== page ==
World Travel Watch is a monthly report designed to help you make informed judgments about travel throughout the world. Because conditions can change overnight, always make your own inquiries before you leave home. In the United States, contact the nearest Passport Agency office; abroad, check in with the nearest American Embassy. Asia
--Bhutan: The final telephone link among the seven nations of the South Asian Assn. for Regional Cooperation--Bangladesh, Bhutan, India, the Maldives, Nepal, Pakistan and Sri Lanka--opened recently, and it is now possible to make calls between India and Bhutan.
--India: The military road from Manali, Himachel Pradesh, to Leh, Ladakh, is now open to foreigners who wish to travel between the two cities by Jeep or bus. Formerly, the road was off-limits. It's a two-day journey (about the same as the traditional route from Srinigar in Kashmir) with an overnight stop in Darcha, Lahul.
The road crosses two high passes, one at 16,500 feet. Manali is a beautiful hill station at 6,000 feet that's popular among Indian tourists, but remains relatively undiscovered by foreigners. It's set in an area of steep, rugged valleys and snowcapped peaks, with forests of pine and spruce, apple orchards, hot springs and friendly, welcoming people.
--Nepal: The trade dispute with India recently took a turn for the worst when India closed the Calcutta piers where supplies from other countries were being unloaded for shipment to Nepal. The piers were reportedly closed for repairs. The dispute could have a major impact on Nepal's peak trekking season this fall if it isn't resolved.
--Sri Lanka: Tension has increased in this already troubled country, and travel should be planned with great care. Register with the U.S. Embassy on arrival.
--Tibet: Restrictions remain tight on foreigners in Lhasa, who can only leave their hotel as a group accompanied by their guide. One group recently was not allowed to go to the Barkhor, the market near the Jokhang. Martial law remains in effect only in Lhasa; overland travel between Kathmandu and Lhasa, including visits to the Everest base camp, is open.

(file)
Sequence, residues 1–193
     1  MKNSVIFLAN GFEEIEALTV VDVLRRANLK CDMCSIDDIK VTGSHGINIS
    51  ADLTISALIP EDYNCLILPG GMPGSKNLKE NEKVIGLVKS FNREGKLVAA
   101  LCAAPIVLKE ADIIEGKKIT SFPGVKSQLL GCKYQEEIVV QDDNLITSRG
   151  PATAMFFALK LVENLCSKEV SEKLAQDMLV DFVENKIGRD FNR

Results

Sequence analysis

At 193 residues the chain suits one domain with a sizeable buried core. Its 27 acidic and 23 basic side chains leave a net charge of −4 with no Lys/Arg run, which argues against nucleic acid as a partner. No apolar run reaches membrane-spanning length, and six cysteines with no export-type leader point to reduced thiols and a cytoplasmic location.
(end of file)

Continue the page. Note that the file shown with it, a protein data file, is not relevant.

No individual travel is permitted, and officially, groups must include 10 people or more. However, smaller groups have already been allowed to visit. Permits should be applied for at least 30 days in advance, but some groups applied as little as 10 days in advance and received the necessary papers. The scheduled opening of an overland route from Sikkim has been delayed indefinitely.
--Kenya: There have been fatal attacks on travelers along the coast south of Mombasa and in other remote areas, usually attributed to wildlife poachers. When visiting game parks, travel in groups with a ranger or a guide from a reputable safari company. Street crime has increased in Nairobi; take special care with handbags in restaurants and leave passports and valuables in a hotel safe. Chloroquine-resistant malaria is present, so take appropriate precautions.
--Senegal: Travel in northern Senegal between Saint-Louis and Bakel should be avoided due to unsettled conditions along the Mauritania border, where a minor grazing dispute led to widespread violence in May.
Dakar is generally safer than most African capitals, but discretion is advised. Muggings have occurred on the beach at night, and street crime is on the rise. Don't wander off alone at night, and leave valuables in a hotel safe. Persistent "traders" can also get on your nerves. They will approach you all over town and won't accept no for an answer. The best defense for some people is to completely ignore them.
Independent travelers should personally confirm return or onward flights immediately upon arrival because of chronic overbooking of flights out of Dakar. Do it in person because reservations accepted by phone will not find their way into the computer. All travelers should carry enough resources for at least five extra days in Dakar in case they get bumped from a flight. Malaria is endemic both in urban and rural areas, and the choloroquine-resistant strain is present. Take appropriate precautions.
--Zimbabwe: Exercise caution when traveling in eastern Zimbabwe along the Mozambique border due to occasional incursions of bandits from Mozambique. The main tourist areas from Inyanga to Vumba have not been affected, but travelers should contact local officials before venturing beyond these tourist areas or taking off-road excursions near the border. Currency transactions are strictly regulated, and all currency and traveler's checks must be declared upon arrival and before departure.
--Northern Ireland: Frequent IRA bomb threats and small explosions have interrupted rail service, especially on the Belfast-Dublin line. No injuries or deaths have occurred because authorities have been warned of the bombs on the tracks, and have closed the routes and provided alternative transportation. Be prepared for delays.